In a traditional RTL development flow, the design is pre-evaluated at the behavioral level by system simulation. In a DSP or algorithm type of designs, the design can be evaluated with double-precision floating point math using either in C, or Matlab, or some other tools. After performance validation, the design is then re-evaluated with finite-precision math and, in many cases, approximation of some of the functions in order to fit better with hardware implementation. When the “hardware version” of the algorithm is validated, then the hardware engineers can use that as a model to verify the RTL. It is still a behavioral model of the hardware but is a “bit-exact” model. The model can be re-built inside the testbench, or called from the testbench via DPI / PLI, or used to generate test vectors. The test vector method is much easier but also less desirable as it usually does not give a good coverage (unless the vector set is really large) and is not flexible to adapt to design changes, which can happen all the time during the course of the development.
Another way to verify the design is to look at its system-level performance directly from the RTL simulation e.g.output error variance, SNR (Signal-to-noise ratio), bit error rate, etc. This is not a normal flow and usually not recommended. However, in some cases. this can be very useful and present a good/better alternative to the bit-exact model verification, for example:
- Mixed-signal verification. Analog signals by nature do not have bit-exact digital models. Slight adjustment to the design or to the input stimulus or timing may cause the output to change due to the inherent system noise. Checking that output errors are within an error margin is a better way to test this, rather than comparing in a bit-exact manner.
- When low-level hardware techniques are needed to optimize the logic. The system engineers may not know all the tricks in order to optimize the hardware implementation. So, it may be better to scope out some part of the design and let the hardware engineers experiment with it. The hardware engineers will need to look at the system performance of the design. After the design performs satisfactorily in RTL simulation, it can then be re-imported into the c model or behavioral model for the system engineers to re-validate. When I was designing a custom 16-bit floating point multiply and accumulate at Freescale, this was actually the method I used. In order to meet the timing and area constraints, a perfect design in terms of output precision could not be used and we needed to compromise the system performance to get a more optimized design.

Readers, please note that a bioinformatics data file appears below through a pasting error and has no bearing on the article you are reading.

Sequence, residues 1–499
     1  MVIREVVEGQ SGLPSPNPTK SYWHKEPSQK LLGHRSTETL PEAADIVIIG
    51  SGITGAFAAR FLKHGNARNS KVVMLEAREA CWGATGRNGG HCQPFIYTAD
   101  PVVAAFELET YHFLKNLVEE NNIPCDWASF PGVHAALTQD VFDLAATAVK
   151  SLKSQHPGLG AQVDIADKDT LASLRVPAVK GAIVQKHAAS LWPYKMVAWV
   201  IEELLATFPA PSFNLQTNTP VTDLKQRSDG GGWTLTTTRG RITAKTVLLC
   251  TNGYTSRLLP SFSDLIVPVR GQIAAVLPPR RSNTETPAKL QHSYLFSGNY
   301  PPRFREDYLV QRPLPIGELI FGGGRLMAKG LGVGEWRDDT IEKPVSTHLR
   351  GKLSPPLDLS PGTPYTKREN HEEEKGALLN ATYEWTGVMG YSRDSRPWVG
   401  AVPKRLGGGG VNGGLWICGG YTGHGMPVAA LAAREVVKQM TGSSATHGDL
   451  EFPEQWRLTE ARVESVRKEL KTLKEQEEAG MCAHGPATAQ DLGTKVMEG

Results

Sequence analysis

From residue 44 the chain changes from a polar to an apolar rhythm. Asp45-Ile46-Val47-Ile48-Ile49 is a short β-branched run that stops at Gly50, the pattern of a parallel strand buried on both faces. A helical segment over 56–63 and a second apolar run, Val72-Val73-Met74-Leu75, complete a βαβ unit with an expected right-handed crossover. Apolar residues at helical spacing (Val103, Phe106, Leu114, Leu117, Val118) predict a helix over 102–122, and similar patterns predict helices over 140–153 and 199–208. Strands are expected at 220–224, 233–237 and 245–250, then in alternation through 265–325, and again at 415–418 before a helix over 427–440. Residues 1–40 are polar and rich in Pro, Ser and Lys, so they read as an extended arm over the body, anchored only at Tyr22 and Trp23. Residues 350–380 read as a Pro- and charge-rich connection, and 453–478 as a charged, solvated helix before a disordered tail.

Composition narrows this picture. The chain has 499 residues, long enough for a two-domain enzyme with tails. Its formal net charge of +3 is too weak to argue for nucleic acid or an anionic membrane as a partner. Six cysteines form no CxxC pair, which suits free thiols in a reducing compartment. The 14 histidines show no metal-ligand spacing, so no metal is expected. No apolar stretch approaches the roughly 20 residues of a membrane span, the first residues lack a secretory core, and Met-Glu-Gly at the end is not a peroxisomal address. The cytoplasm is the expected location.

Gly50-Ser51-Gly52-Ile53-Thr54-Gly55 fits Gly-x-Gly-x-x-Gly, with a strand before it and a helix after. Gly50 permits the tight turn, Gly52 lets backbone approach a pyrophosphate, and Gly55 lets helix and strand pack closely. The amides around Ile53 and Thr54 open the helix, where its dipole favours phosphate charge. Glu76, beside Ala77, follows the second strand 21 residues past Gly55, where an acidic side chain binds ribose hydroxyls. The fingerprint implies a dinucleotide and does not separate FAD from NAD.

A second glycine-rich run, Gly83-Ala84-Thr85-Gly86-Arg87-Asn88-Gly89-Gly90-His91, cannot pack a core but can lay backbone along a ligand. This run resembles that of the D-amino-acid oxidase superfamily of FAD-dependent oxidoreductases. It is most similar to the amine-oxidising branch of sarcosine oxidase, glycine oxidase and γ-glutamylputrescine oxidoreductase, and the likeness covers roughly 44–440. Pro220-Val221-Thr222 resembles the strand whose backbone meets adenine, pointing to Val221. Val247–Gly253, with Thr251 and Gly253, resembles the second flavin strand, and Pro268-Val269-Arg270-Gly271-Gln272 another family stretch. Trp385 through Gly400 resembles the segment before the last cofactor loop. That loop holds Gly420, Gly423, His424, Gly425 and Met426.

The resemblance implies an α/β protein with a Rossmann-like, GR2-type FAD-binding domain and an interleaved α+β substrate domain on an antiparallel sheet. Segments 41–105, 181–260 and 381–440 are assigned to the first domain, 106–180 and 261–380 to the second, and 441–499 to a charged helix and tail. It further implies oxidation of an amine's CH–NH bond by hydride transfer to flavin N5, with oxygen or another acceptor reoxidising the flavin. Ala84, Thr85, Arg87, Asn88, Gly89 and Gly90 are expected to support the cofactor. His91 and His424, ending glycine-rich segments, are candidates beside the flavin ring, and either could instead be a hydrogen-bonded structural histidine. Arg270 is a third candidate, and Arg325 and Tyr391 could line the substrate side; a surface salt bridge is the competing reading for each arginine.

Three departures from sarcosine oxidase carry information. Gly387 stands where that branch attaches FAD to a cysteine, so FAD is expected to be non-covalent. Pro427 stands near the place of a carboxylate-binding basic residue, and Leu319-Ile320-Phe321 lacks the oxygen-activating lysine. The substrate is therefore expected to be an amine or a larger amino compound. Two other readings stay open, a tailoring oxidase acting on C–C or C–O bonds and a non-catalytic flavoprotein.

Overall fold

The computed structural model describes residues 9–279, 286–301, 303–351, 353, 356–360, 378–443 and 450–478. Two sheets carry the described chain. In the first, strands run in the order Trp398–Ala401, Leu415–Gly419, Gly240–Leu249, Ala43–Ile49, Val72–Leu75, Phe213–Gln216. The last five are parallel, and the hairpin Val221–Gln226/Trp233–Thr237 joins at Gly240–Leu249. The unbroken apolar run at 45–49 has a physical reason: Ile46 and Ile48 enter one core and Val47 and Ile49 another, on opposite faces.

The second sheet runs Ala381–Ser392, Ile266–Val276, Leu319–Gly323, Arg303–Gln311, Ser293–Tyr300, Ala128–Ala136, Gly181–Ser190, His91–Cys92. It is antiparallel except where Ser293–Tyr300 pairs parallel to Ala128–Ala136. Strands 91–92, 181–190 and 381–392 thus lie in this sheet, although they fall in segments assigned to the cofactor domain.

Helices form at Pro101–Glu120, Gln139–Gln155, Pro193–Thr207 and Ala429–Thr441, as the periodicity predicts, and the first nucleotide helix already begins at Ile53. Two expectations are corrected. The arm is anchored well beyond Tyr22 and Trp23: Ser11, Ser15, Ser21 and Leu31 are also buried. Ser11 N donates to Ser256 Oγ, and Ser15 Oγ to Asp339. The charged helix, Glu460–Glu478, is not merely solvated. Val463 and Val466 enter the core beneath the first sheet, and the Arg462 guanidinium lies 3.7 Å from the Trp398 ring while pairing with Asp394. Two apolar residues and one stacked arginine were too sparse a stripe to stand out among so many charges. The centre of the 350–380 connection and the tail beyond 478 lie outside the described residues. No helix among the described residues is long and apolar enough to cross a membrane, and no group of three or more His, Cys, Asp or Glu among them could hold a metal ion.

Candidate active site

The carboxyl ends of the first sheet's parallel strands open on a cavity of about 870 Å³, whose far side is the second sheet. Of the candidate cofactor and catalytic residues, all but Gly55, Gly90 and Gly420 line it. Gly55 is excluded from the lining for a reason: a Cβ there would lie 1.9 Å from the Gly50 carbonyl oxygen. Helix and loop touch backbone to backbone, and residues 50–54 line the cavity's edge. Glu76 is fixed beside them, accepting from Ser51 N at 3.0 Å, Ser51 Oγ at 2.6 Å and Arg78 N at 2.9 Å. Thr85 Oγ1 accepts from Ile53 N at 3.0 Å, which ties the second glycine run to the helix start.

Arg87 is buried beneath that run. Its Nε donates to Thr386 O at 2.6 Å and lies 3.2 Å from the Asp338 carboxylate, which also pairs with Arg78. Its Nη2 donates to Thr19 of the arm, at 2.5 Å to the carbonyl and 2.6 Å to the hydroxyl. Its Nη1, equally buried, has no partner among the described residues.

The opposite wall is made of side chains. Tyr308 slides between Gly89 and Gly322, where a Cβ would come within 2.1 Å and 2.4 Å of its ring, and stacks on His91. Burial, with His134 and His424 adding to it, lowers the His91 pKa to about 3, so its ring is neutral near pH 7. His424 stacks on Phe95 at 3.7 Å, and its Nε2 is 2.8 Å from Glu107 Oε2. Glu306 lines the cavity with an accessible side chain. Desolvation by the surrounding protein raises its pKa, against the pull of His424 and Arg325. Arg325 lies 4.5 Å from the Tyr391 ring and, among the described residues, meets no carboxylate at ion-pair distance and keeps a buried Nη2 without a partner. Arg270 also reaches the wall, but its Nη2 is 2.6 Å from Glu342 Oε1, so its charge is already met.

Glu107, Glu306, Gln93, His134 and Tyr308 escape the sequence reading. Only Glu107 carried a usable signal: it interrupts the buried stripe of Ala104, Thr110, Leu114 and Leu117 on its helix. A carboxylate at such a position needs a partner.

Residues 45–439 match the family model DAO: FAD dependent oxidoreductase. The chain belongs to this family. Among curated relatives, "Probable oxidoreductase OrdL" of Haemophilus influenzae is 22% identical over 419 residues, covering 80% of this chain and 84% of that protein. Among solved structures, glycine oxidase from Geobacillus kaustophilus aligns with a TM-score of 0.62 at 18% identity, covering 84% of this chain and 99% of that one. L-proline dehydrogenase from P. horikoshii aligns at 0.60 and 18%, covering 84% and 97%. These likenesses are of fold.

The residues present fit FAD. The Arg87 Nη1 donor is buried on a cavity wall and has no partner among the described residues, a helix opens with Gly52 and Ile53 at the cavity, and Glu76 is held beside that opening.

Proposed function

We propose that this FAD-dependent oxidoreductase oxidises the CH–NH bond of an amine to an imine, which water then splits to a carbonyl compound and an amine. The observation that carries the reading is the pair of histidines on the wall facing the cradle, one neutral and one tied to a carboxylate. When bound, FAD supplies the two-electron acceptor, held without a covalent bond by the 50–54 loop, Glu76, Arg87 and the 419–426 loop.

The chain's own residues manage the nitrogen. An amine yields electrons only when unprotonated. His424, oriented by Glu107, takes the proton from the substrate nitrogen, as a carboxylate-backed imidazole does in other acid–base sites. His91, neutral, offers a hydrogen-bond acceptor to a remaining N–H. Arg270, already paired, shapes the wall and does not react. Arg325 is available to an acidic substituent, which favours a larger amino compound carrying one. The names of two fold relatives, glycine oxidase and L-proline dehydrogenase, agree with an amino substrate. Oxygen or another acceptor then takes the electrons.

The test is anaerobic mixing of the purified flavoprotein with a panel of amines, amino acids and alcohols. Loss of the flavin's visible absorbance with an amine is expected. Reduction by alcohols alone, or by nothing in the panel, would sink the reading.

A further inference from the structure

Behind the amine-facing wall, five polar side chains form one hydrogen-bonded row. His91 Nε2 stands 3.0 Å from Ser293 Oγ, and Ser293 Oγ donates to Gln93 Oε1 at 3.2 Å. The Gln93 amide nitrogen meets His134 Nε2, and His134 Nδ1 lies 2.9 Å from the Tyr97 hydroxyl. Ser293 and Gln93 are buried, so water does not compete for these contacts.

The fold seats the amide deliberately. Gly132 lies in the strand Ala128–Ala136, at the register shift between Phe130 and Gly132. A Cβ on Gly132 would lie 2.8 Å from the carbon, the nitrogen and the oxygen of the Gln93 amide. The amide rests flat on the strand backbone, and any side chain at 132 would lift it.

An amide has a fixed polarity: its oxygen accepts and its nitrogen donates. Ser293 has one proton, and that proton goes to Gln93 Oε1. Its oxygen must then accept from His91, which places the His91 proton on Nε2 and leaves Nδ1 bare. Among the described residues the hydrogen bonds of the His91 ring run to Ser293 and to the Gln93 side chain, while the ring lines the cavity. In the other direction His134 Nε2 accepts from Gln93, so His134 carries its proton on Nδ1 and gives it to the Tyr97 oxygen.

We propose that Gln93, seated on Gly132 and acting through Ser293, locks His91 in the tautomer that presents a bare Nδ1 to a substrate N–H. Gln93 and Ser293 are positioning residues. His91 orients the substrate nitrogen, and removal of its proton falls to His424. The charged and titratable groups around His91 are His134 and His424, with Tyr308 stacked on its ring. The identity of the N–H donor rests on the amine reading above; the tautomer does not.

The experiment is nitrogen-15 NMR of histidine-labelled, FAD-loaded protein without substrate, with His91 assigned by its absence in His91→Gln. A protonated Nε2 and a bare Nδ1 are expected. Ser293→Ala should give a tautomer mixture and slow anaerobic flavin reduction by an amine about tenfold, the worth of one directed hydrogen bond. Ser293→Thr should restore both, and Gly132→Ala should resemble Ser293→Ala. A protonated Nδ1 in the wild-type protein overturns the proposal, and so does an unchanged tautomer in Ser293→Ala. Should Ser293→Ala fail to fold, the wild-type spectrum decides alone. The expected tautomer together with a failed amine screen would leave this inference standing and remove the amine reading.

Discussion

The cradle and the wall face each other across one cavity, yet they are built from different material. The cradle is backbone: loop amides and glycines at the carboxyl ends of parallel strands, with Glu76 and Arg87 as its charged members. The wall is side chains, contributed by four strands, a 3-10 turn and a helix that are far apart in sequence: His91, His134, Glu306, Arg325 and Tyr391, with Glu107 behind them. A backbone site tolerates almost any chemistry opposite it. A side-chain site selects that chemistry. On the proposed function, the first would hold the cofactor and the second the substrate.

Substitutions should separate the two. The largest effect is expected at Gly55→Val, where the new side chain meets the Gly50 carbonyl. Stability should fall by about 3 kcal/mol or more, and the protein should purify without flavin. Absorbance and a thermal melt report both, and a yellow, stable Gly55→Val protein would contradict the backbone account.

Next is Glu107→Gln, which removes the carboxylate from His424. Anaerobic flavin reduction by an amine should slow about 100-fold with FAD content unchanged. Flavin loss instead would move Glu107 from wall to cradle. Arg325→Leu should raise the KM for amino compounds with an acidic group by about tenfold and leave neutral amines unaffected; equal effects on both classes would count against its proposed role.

- When it’s hard to build a bit-exact behavioral model. The reason can be as simple as (an attempt) to shorten the development time. Sometimes it can be hard to modify the floating point model to match exactly with RTL. And sometimes it could take a long time to fully validate the behavioral model’s performance. So, the system engineers may prefer to tune the algorithm parameters using a hardware accelerated platform like an emulator or an FPGA engineering model. In this case, the model given to the RTL engineers would be double-precision floating point model and the RTL engineers are responsible for converting it to finite precision math and performing preliminary verification. The final verification / validation would be done on the engineering model.
The building blocks for system-level testbenches are shown in the figure below. The extra components are
- Down-precision converter and up-precision converter for data format conversion between finite-precision and double-precision. The “finite precision” can be a fixed-point format, or floating point format, or any format used by the hardware implementation. The double precision is Verilog’s real, which is a double precision floating point format, same as C’s double and Matlab’s variables.
- Wreal to real conversion for mixed signal designs. “wreal” is for analog signal simulation in Verilog-AMS. “real” is Verilog’s real. wreal has become an industrial standard for simulating Analog circuits inside a verilog simulator. It’s less accurate than Spice or Verilog-A but runs much faster.
An example of this type of testbenches is at https://github.com/udog14/verilog_float, where the DUT is a multiply-accumulation using 2’s complement fixed point format. Other than the data conversion, we also need a few more things (which are included in the example code) to build our real-value testbench:
- Real value randomizer to generate random stimuli. SystemVerilog can conveniently generate real random values directly. We can work around in Verilog by generating random integers and converting them to floating point.
- Error margin mechanism for real value checkers. The margin can be an absolute value or a ratio of expected value or mixed. I found that a mixed margin seems to work best where an absolute error margin is used when the value is tiny, otherwise a percentage of the expected value is used.
- Real value functions like exponential and logarithm. These functions are useful to calculate system performance values like signal power, signal-to-nosie ratio (SNR), and bit error rate (BER).
The simple testbench example uses data conversion directly inside the test. In a more structured or more complex testbench, the data conversion can be embedded inside drivers or monitors or layers above them. I once built a register abstraction layer (RAL) with built-in data conversion. This allows the upper layer, namely the tests and reference models, to work in real mode. The nice thing is that the testbench and DUT can support multiple types of finite precision without affecting the upper layer tests and models.